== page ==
2017-09-04 16:06:00

Chechnya head ready to speak against Moscow's course if Russia supports Myanmar authorities

Moscow, September 4, Interfax - Ramzan Kadyrov, the head of Chechnya, said he will speak out against the Russian political administration's course if it supports the Myanmar authorities who are encroaching on the rights of Rohingya Muslims in the Rakhine State.

"Even if Russia supports the shaitans who are now committing crimes - I am against Russia's position. Because I have my own vision, my position," Kadyrov said in a video posted on YouTube on Monday.

"One needs to look at the geography, where this state is located, what states are around it, where Muslims live. It's impossible to send troops there because that is a prerogative of the state. There is an agreement, interaction, understanding. You cannot do what you want. But if I could, if it was possible, I would even strike it with nuclear [weapons], I would just destroy those people who are killing children, women, and old people," Kadyrov said.

The events in Myanmar "are an unbearable pain for Muslims, for the whole of mankind," he said. "Many Buddhists, not even Muslims, are writing to me, they say it's lawlessness, it's genocide," Kadyrov said.

Kadyrov said the approach of Turkish President Recep Tayyip Erdogan on the situation in Myanmar is close to his. "Erdogan's position is the best and the most open, we support him," Kadyrov said.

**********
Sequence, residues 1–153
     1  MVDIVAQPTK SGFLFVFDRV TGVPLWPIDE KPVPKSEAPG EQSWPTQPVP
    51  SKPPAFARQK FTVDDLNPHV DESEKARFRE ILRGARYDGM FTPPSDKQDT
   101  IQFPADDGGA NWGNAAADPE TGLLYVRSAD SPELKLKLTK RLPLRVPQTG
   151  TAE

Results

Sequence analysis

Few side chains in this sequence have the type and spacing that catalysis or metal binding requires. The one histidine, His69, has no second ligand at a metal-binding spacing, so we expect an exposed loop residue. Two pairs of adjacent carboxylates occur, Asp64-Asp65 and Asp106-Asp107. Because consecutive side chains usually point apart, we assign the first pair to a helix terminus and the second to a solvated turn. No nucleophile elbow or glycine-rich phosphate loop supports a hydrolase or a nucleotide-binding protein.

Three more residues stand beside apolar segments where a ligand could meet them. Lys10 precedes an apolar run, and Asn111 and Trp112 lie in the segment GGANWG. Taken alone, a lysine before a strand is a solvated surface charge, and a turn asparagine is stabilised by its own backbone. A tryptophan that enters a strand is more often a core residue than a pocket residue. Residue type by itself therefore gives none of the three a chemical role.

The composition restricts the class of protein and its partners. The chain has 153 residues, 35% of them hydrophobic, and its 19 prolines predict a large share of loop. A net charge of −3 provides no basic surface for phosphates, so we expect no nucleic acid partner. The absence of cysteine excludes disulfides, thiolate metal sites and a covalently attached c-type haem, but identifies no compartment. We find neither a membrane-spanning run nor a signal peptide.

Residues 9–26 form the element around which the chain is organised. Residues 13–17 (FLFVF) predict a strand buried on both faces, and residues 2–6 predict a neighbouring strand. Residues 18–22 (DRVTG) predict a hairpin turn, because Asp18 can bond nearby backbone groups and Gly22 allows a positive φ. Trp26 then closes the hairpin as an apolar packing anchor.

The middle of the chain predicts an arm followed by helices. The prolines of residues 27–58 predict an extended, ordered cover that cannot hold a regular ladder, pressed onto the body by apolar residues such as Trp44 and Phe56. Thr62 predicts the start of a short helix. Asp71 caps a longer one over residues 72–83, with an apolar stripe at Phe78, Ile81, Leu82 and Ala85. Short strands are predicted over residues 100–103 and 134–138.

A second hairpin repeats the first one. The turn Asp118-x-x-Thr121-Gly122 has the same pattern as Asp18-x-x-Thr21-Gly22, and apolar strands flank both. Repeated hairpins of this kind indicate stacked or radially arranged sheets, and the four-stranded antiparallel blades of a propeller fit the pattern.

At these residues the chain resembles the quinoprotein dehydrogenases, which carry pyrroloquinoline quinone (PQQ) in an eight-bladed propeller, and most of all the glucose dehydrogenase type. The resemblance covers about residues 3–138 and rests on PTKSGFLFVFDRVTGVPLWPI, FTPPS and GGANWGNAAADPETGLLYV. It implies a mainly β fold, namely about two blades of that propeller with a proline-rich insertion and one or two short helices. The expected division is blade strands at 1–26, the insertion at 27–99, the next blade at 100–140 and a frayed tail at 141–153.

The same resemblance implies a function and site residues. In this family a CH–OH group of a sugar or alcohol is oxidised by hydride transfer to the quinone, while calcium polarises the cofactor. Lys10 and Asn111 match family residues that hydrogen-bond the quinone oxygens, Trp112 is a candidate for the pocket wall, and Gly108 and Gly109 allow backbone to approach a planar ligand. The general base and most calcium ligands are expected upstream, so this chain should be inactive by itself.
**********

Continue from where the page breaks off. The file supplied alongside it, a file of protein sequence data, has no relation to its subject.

On Friday, Turkish President Recep Tayyip Erdogan called the clashes between Buddhists and Rohingya Muslims in the Rakhine State in Myanmar "genocide of Muslims."

On Sunday, Russian presidential press secretary Dmitry Peskov said the Kremlin was concerned about the reports on the operation conducted by Myanmar security forces against the Rohingya people.

Myanmar authorities are conducting the operation in the Rakhine State against Rohingya people, whom they consider to be Islamic militants and whom the Myanmar media have called 'Bengal terrorists.' This has resulted in the death of 400 people, including 350 Rohingya.

The Rohingya consider themselves an indigenous people of today's Myanmar Rakhine State, although most historians believe they moved to Myanmar when it was still a British colony. The authorities and people of Myanmar, where the main religion is Buddhism, consider Rohingya Muslims illegal migrants from Bangladesh and therefore deny them citizenship. The conflict between the Rohingya and Burmese, who are Buddhists, in the Rakhine State has smoldered for many years.